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The investment good market, together with the consumer good market, the money market and the labour market, are indeed the most extensively studied markets. The exhaustive survey of investment theory by Eisner and Strotz, already quoted four hundred references in 1963, although this work advocating for adjustment costs, was in fact only carried out at the very beginning of modern investment theory! This chapter gives an introduction of the extensive field and is an attempt to present some key ideas of investment theory. 1) We show that modern investment theory is the integration of many traditional approaches. The content of the chapter is set as follows. Section 2 presents an illustrative model of investment theory. Section 3, using this model, describes the investment decision of the firm. Sections 4 to 10 each present a "classical" investment hypothesis within the framework of the model. Section 11 concludes. For convenience, the key to the symbols used is given in Table 1. 2. The Model of the Firm Investment theory was born with the claim of Keynes (1936) that besides the capital demand (demand for a stock of capital at a point in time), an investment demand (demand for the increment of the capital stock in a period 1) Recent surveys are: Abel (1988), Coen and Eisner (1987) Artus and Muet (1984). The book on investment theory by Nickell (1978) is outstanding.

Inhaltsverzeichnis

Frontmatter

New Issues in the Theory of Investment: Modernization and Persistence Effects

Abstract
This monograph is about new issues in investment theory. New economic developments which started in the 80’s and presumably will last through the 90’s give the opportunity to ask new and challenging questions in the field of investment theory.
Marcel Savioz

Chapter One. Investment Theory: An Integrative Framework

Abstract
Chapter One gives a survey of investment theory. The reader is introduced to the main problem and the main approaches to investment theory.
Marcel Savioz

Chapter Two. Ageing of Capital Stock and Fiscal Policy

Abstract
This chapter could also have been titled: “Replacement and Modernization Investments” in reminiscence of a paper by Feldstein and Foot published in 1971 with the title: “The Other Half of Gross Investment: Replacement and Modernization Expenditures”. These authors pointed out that besides net investment, the half of the story on which investment theory focuses, there is also replacement investment being of an as important order of magnitude. Their point is even more pertinent twenty years later: the importance of replacement investment relative to net investment steadily increased in the meantime. For example, in the United States, the real net investment (as a share of NNP) remained below its long-term 1947–1988 average in the 80’s, whereas the real gross investment (as a percent of GNP) remained over its long-term 1947–1988 average in the same period! Therefore, it is very important to dispose of a tractable model of “replacement and modernization expenditures”. The purpose of Chapter Two is precisely to set up such a model. The model is used to investigate whether there is a link between fiscal policy and the average age of capital stock. It is found that if depreciation through use is not negligible, a policy to spur investment is only possible at the cost of causing an ageing of capital stock.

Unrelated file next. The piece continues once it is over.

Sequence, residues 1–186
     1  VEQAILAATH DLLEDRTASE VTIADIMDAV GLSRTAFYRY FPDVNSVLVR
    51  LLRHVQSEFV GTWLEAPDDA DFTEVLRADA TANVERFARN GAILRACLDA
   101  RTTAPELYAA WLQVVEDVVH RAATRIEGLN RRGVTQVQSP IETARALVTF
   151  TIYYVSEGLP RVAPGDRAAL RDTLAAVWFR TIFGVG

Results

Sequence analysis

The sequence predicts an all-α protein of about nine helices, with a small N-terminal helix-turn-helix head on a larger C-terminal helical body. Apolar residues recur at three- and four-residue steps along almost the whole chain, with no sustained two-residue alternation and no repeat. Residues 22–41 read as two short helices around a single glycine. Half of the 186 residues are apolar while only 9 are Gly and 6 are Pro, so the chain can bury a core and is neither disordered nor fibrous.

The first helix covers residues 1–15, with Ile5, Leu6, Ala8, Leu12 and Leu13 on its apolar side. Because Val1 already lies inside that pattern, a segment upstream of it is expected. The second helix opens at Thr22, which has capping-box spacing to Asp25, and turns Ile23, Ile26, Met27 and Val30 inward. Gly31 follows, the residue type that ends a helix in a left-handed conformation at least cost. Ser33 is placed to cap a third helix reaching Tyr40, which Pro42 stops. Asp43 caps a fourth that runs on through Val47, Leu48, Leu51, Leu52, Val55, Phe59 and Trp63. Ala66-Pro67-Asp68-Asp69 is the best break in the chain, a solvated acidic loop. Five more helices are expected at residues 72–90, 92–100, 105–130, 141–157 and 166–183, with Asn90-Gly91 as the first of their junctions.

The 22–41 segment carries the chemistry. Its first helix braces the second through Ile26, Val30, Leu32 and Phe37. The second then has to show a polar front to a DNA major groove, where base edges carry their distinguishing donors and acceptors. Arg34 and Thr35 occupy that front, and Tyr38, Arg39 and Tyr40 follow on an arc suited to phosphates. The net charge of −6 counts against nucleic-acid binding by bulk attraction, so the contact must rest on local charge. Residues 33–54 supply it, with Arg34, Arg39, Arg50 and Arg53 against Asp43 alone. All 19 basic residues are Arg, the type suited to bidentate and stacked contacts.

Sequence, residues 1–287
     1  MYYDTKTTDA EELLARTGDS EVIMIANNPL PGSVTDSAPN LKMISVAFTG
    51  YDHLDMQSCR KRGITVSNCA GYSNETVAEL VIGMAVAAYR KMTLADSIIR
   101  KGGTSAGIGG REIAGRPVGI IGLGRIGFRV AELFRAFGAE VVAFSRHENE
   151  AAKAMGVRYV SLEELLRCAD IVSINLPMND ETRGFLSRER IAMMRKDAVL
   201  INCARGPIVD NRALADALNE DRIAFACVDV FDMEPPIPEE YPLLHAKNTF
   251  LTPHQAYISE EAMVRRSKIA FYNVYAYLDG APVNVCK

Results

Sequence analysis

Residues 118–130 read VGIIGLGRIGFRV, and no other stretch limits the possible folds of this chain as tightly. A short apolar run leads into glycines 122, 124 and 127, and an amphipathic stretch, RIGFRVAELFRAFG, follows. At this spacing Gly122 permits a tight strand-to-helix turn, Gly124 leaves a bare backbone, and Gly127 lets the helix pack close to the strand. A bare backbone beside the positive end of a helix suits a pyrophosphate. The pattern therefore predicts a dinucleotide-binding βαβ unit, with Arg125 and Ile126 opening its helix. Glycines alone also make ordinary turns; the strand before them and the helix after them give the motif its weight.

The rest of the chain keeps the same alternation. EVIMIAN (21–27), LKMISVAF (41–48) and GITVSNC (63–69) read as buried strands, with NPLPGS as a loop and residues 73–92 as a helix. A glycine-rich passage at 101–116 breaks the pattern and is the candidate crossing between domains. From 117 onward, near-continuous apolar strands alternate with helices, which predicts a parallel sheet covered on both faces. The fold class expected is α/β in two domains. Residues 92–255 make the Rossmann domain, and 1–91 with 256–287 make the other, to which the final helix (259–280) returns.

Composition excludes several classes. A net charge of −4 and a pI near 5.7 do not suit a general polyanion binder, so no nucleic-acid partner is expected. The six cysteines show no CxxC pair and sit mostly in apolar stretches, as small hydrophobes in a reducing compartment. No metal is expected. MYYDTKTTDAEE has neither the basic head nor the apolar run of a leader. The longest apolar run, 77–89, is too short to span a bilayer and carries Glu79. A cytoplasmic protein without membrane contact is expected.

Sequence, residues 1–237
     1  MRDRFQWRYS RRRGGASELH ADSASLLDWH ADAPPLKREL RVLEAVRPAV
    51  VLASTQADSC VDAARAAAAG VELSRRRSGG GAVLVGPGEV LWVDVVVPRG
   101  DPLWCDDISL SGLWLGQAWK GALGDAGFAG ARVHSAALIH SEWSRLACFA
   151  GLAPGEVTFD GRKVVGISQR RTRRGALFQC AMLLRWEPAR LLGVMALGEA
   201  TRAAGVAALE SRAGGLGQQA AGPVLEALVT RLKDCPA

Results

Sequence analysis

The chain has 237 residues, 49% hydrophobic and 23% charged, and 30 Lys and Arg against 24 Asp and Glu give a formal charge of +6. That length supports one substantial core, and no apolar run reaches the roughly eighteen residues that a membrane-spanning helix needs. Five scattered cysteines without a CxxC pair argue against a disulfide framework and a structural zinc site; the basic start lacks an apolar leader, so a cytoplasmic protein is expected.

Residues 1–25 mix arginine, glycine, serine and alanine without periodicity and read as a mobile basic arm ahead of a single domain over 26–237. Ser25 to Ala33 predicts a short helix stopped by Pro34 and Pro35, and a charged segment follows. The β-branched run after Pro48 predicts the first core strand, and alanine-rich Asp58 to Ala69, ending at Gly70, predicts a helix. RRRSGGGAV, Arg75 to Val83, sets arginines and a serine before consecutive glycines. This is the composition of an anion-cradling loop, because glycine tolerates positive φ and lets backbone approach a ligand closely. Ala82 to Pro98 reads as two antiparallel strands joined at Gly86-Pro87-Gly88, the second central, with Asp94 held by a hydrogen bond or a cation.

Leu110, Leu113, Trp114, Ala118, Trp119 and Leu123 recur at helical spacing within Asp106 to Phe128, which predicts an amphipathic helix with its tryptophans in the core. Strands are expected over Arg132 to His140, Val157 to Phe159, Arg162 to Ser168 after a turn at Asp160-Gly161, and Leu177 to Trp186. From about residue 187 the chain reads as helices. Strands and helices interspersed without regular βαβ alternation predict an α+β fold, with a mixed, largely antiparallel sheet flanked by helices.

Marcel Savioz

Chapter Three. Persistence of Extensive Growth

Abstract
If the key word of Chapter Two is “modernization investment”, the key word of Chapter three is “misinvestment”. What is a misinvestment? A misinvestment is an investment which conserves or changes the composition of capital stock away from its desired long run composition. Misinvestments make the convergence process to the desired long run composition of capital stock lengthy because sooner or later corrective investments have to be undertaken.
Marcel Savioz

Chapter I. Investment Theory: An Integrative Framework

Abstract
The investment good market, together with the consumer good market, the money market and the labour market, are indeed the most extensively studied markets. The exhaustive survey of investment theory by Eisner and Strotz, already quoted four hundred references in 1963, although this work advocating for adjustment costs, was in fact only carried out at the very beginning of modern investment theory! This chapter gives an introduction of the extensive field and is an attempt to present some key ideas of investment theory.1) We show that modern investment theory is the integration of many traditional approaches.
Marcel Savioz

Chapter II. Ageing of the Capital Stock: A Long Run Side-Effect of Expansive Fiscal Policy

Abstract
The first goal of this chapter is to investigate whether a fiscal policy designed to increase investment, like the one undertaken by the Reagan administration in 1981, can affect the average age of capital stock. The second goal is to set up an investment model which takes into account the depreciation of capital goods caused by the intensity of use.
Marcel Savioz

Chapter III. Persistence of Extensive Growth: A Growth Model of the Soviet Economy

Abstract
The performance of the bureaucratic planning system of the USSR was so poor in the 70’s and 80’s that drastic economic reforms could hardly be delayed further. Mr. Mikhail Gorbachev, General Secretary of the Party since 1985, thus started a process of economic reforms under the name of “Perestroika” (restructuring).
Marcel Savioz

Backmatter

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